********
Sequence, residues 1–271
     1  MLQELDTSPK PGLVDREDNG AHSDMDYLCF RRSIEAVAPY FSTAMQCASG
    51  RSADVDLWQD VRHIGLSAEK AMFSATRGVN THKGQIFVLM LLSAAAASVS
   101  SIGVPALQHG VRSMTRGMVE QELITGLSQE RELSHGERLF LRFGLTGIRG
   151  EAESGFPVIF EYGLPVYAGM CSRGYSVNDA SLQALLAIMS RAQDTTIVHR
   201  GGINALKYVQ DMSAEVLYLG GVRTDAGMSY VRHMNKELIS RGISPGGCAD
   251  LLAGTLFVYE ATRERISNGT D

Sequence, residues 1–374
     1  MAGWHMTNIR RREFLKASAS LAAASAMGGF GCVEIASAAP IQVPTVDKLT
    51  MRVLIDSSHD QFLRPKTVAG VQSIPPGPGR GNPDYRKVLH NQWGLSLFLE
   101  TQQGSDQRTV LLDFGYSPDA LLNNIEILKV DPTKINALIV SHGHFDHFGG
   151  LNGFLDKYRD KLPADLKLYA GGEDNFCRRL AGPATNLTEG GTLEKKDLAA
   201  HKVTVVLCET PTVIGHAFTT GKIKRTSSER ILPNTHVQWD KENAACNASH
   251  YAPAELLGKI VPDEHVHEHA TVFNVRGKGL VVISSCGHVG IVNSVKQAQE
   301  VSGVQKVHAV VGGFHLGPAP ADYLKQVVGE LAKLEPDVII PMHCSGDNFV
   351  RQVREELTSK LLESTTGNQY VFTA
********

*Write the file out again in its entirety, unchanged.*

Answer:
Sequence, residues 1–271
     1  MLQELDTSPK PGLVDREDNG AHSDMDYLCF RRSIEAVAPY FSTAMQCASG
    51  RSADVDLWQD VRHIGLSAEK AMFSATRGVN THKGQIFVLM LLSAAAASVS
   101  SIGVPALQHG VRSMTRGMVE QELITGLSQE RELSHGERLF LRFGLTGIRG
   151  EAESGFPVIF EYGLPVYAGM CSRGYSVNDA SLQALLAIMS RAQDTTIVHR
   201  GGINALKYVQ DMSAEVLYLG GVRTDAGMSY VRHMNKELIS RGISPGGCAD
   251  LLAGTLFVYE ATRERISNGT D

Sequence, residues 1–374
     1  MAGWHMTNIR RREFLKASAS LAAASAMGGF GCVEIASAAP IQVPTVDKLT
    51  MRVLIDSSHD QFLRPKTVAG VQSIPPGPGR GNPDYRKVLH NQWGLSLFLE
   101  TQQGSDQRTV LLDFGYSPDA LLNNIEILKV DPTKINALIV SHGHFDHFGG
   151  LNGFLDKYRD KLPADLKLYA GGEDNFCRRL AGPATNLTEG GTLEKKDLAA
   201  HKVTVVLCET PTVIGHAFTT GKIKRTSSER ILPNTHVQWD KENAACNASH
   251  YAPAELLGKI VPDEHVHEHA TVFNVRGKGL VVISSCGHVG IVNSVKQAQE
   301  VSGVQKVHAV VGGFHLGPAP ADYLKQVVGE LAKLEPDVII PMHCSGDNFV
   351  RQVREELTSK LLESTTGNQY VFTA